Nasal Polyposis

Clinical Spectrum and Treatment Approaches
  • Guy A. Settipane
  • Russell A. Settipane

Abstract

Nasal polyps and high recurrence rate in patients after treatment have always been an enigma. Despite many new drugs and various surgical procedures, the recurrence rate is unacceptably high. Various factors appear to be related to nasal polyps and their high recurrence rate. These factors include age of onset, asthma, aspirin intolerance, bacterial sinusitis, fungal sinusitis, other disease states, acute upper respiratory infections, and allergens. The classical tetrad syndrome associated with nasal polyps is aspirin intolerance, asthma, chronic sinusitis, and nasal polyps. Part of this tetrad was first described by Widal et al. in 1922 (1, 2). They described the triad of nasal polyps, asthma, and aspirin intolerance, but not chronic sinusitis. Frequently, polyps are associated with chronic sinusitis for three main reasons. First, polyps may disrupt or entirely block the ostiomeatal complex, leading to chronic sinusitis on a mechanical basis. Second, the eosinophilia associated with most polyps is toxic to the ciliated membranes producing a decrease in flow of mucus, and this stasis could result in sinusitis (3). This mechanism is thought to be through the toxic effect of the major basic protein associated with eosinophilia. Finally, polyps can occur within the paranasal sinus causing a mechanical and toxic obstruction (eosinophilia) from within the sinus. Also, pressure on the intrasinus membranes and bone can actually cause destruction of bone, Woakes disease (4), or midfacial expansion. Facial deformation occurring with juvenile nasal polyposis is well described (frog face). The tetrad of nasal polyps, asthma, aspirin intolerance, and rhinosinusitis is a more realistic grouping of this pattern of classic symptoms.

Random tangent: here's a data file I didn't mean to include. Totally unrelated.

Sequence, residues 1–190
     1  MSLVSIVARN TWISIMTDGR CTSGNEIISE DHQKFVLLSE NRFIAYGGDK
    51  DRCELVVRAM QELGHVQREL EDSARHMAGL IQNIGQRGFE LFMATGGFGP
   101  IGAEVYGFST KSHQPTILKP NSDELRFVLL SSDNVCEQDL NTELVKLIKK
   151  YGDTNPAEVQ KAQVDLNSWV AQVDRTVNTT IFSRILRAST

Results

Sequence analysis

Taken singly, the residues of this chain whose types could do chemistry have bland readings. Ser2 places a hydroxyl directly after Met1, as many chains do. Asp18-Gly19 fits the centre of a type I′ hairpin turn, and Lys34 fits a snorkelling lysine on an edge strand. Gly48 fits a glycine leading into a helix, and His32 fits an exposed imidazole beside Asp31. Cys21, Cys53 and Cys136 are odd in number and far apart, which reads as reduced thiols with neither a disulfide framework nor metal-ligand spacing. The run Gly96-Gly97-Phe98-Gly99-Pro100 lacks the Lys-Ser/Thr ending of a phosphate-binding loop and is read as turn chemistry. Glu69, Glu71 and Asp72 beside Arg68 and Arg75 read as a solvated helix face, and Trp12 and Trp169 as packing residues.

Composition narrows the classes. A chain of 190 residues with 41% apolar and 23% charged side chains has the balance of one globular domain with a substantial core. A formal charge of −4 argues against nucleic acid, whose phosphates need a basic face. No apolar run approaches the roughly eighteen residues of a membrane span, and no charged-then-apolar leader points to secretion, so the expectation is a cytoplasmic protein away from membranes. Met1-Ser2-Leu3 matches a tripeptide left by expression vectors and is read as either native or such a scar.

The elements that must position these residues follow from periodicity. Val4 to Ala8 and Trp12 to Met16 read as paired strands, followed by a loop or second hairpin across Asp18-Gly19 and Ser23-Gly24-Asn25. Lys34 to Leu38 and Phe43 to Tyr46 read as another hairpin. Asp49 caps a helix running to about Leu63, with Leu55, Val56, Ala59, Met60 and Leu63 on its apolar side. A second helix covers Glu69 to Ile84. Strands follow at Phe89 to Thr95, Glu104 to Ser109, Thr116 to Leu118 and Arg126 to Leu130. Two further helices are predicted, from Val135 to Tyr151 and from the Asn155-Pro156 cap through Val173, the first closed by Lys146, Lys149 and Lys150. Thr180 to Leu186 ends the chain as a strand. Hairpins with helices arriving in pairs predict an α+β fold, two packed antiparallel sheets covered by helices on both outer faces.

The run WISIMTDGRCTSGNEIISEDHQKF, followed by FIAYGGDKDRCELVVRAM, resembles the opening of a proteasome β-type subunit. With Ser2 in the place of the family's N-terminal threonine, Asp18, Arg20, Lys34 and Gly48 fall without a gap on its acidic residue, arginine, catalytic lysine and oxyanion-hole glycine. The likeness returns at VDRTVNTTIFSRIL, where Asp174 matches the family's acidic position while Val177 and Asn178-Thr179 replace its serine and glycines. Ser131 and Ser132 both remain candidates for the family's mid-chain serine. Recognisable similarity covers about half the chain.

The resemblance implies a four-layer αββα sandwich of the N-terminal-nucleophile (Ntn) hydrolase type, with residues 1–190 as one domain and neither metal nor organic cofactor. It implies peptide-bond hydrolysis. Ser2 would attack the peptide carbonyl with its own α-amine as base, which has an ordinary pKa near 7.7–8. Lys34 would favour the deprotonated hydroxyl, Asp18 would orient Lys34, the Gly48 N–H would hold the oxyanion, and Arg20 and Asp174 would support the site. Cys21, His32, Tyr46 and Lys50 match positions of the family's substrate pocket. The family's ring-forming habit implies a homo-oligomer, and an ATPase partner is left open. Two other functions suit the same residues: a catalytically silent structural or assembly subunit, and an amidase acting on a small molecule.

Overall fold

Keywords

Corticosteroid Mold Serotonin Norepinephrine Sponge 

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Copyright information

© Springer Science+Business Media New York 1996

Authors and Affiliations

  • Guy A. Settipane
  • Russell A. Settipane

There are no affiliations available

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